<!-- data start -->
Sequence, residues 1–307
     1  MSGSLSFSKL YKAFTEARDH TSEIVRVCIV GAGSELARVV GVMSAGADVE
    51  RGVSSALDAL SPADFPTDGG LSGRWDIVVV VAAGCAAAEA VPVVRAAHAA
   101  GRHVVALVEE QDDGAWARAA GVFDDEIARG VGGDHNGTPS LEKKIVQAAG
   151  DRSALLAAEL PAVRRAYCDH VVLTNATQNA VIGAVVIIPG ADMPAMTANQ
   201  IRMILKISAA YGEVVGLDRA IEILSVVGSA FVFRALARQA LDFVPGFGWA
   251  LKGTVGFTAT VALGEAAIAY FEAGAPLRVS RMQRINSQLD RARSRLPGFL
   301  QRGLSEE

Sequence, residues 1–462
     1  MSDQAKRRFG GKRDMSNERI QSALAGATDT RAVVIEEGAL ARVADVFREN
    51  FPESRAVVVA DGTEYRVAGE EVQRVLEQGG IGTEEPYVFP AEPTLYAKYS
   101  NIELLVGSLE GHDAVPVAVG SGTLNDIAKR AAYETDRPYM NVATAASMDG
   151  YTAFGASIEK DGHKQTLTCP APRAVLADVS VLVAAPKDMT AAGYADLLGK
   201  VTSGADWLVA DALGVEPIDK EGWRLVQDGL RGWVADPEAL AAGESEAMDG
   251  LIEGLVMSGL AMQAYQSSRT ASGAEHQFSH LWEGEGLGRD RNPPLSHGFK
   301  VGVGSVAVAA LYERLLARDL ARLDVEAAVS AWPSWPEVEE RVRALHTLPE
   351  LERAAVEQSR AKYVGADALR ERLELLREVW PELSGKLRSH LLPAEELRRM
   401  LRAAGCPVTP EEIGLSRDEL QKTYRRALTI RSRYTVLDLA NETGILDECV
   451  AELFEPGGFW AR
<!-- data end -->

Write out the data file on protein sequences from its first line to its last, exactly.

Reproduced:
Sequence, residues 1–307
     1  MSGSLSFSKL YKAFTEARDH TSEIVRVCIV GAGSELARVV GVMSAGADVE
    51  RGVSSALDAL SPADFPTDGG LSGRWDIVVV VAAGCAAAEA VPVVRAAHAA
   101  GRHVVALVEE QDDGAWARAA GVFDDEIARG VGGDHNGTPS LEKKIVQAAG
   151  DRSALLAAEL PAVRRAYCDH VVLTNATQNA VIGAVVIIPG ADMPAMTANQ
   201  IRMILKISAA YGEVVGLDRA IEILSVVGSA FVFRALARQA LDFVPGFGWA
   251  LKGTVGFTAT VALGEAAIAY FEAGAPLRVS RMQRINSQLD RARSRLPGFL
   301  QRGLSEE

Sequence, residues 1–462
     1  MSDQAKRRFG GKRDMSNERI QSALAGATDT RAVVIEEGAL ARVADVFREN
    51  FPESRAVVVA DGTEYRVAGE EVQRVLEQGG IGTEEPYVFP AEPTLYAKYS
   101  NIELLVGSLE GHDAVPVAVG SGTLNDIAKR AAYETDRPYM NVATAASMDG
   151  YTAFGASIEK DGHKQTLTCP APRAVLADVS VLVAAPKDMT AAGYADLLGK
   201  VTSGADWLVA DALGVEPIDK EGWRLVQDGL RGWVADPEAL AAGESEAMDG
   251  LIEGLVMSGL AMQAYQSSRT ASGAEHQFSH LWEGEGLGRD RNPPLSHGFK
   301  VGVGSVAVAA LYERLLARDL ARLDVEAAVS AWPSWPEVEE RVRALHTLPE
   351  LERAAVEQSR AKYVGADALR ERLELLREVW PELSGKLRSH LLPAEELRRM
   401  LRAAGCPVTP EEIGLSRDEL QKTYRRALTI RSRYTVLDLA NETGILDECV
   451  AELFEPGGFW AR